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Re Ottawa Won’t Take A Stand On Waiving Vaccine Patents (May 7): I thought immediate support on the vaccine patent issue would be a no-brainer.
I will add this to my rapidly expanding list of Trudeau leadership disappointments that already includes: clean water for First Nations moved back another five years; handgun policy handed to Canadian mayors; yet another federal review of sexual abuse in the Canadian Armed Forces.
My support of the federal Liberals is quickly waning.
John Pringle Victoria
On the front line
Re Nurses At The Breaking Point (Opinion, May 1): Thanks to columnist Elizabeth Renzetti for her raw and insightful look at the work life of nurses today.
In 2019, I retired after 44 years of front-line nursing. During my practice, I experienced at least two episodes of “burnout,” but none came close to the stressful situations nurses are enduring through this pandemic.
It should be (over) time for institutions and society to acknowledge the working conditions of this honourable profession. To all the nurses, my thanks.
Remember, as I did on the darkest days of my career, that there is always one reason to stay in nursing: the next patient.
Catherine Dzus Windsor, Ont.
Re The Dark Side Of Canada’s Shift To Corporate-driven Health Care (Opinion, May 1): Relational continuity with a most responsible family doctor, nurse practitioner and primary care team has been consistently shown to enhance patient and provider satisfaction, improve patient safety, reduce unnecessary emergency visits and hospitalizations and improve efficiency.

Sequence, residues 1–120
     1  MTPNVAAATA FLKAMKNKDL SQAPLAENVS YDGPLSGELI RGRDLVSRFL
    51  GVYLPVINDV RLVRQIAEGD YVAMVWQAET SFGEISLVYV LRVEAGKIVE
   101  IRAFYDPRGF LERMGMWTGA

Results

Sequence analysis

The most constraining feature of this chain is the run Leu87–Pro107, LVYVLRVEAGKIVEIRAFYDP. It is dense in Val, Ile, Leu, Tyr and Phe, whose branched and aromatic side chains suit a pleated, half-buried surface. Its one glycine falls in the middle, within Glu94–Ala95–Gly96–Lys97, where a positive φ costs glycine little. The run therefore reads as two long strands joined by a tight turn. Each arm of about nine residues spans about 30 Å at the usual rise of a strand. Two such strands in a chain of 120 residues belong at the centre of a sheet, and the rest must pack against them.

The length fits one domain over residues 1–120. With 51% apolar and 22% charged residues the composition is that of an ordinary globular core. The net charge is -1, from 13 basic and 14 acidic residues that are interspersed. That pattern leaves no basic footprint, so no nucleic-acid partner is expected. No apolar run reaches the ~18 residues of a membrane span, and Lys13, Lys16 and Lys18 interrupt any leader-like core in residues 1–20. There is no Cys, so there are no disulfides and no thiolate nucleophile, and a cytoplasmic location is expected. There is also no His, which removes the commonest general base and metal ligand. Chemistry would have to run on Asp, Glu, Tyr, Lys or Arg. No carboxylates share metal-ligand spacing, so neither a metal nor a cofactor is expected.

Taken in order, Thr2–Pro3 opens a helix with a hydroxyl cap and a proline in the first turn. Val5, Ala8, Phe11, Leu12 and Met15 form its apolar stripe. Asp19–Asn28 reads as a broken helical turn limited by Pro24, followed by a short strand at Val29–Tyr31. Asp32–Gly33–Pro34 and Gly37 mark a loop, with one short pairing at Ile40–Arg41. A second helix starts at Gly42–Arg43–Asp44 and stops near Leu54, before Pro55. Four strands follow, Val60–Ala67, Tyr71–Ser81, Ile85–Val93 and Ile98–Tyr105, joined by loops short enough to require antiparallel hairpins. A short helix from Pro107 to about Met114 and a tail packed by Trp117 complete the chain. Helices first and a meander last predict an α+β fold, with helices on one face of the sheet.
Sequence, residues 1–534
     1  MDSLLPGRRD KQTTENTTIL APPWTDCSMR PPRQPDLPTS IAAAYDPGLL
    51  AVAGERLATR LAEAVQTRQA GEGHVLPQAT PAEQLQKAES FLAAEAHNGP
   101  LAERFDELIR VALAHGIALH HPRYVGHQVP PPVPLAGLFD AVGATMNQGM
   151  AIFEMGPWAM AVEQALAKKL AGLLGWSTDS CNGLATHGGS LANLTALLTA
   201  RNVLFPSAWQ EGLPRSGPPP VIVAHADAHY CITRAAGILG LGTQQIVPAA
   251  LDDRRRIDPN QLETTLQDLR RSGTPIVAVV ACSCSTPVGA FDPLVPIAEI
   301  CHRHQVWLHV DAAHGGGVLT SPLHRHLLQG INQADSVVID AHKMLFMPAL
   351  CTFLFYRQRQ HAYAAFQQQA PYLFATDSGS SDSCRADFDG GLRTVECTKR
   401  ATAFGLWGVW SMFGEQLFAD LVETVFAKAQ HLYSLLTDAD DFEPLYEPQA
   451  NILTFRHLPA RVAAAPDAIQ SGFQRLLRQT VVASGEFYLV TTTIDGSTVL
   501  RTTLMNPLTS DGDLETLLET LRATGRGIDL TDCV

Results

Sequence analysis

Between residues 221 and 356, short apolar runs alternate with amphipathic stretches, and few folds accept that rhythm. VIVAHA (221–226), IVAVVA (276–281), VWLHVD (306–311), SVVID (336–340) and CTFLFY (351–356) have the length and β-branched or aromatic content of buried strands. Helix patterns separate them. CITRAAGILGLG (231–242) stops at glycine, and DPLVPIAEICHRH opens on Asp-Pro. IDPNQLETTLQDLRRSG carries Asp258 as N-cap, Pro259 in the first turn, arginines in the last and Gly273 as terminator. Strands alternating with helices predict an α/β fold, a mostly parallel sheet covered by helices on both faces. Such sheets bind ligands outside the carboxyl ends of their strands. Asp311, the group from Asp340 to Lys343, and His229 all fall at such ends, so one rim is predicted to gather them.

Governments should invest in the infrastructure necessary to support continuity and work with providers and the public to address access issues. Virtual care is a tool best positioned in the context of an existing relationship with a health care professional.
Francine Lemire CM; executive director and CEO, College of Family Physicians of Canada; Mississauga
Is this the real life?
Re Don’t Call It A Bubble (Report on Business, May 1): Our two-class system of housing (owners and everyone else) looks untenable and needs more than tinkering at the edges; as the former CEO of CreateTO, Toronto’s real estate arm with a mandate including the delivery of affordable housing, I know that of which I speak.
Municipal governments are not delivering the affordable housing needed to reverse the current crisis. The system is congealed with interminable delays and bureaucracy, even for affordable housing.
This is not a federal problem – tinkering with down payments and mortgage qualification rules would not address root causes. This is not a provincial problem – although minister’s zoning orders in Ontario are attempts to address this issue (and should deserve our applause).
In the end, we should move the blockers out of the way, take the slings and arrows of local ratepayers and get on with creating more supply by the private sector.
Brian Johnston Toronto
Re ‘How Is This Legal?’ (Report on Business, May 4): A house in my area had two bids, both well above “asking” price. After bids were received, another one came indicating that the buyer would give $5,000 above the highest submission. How can this be fair to all concerned?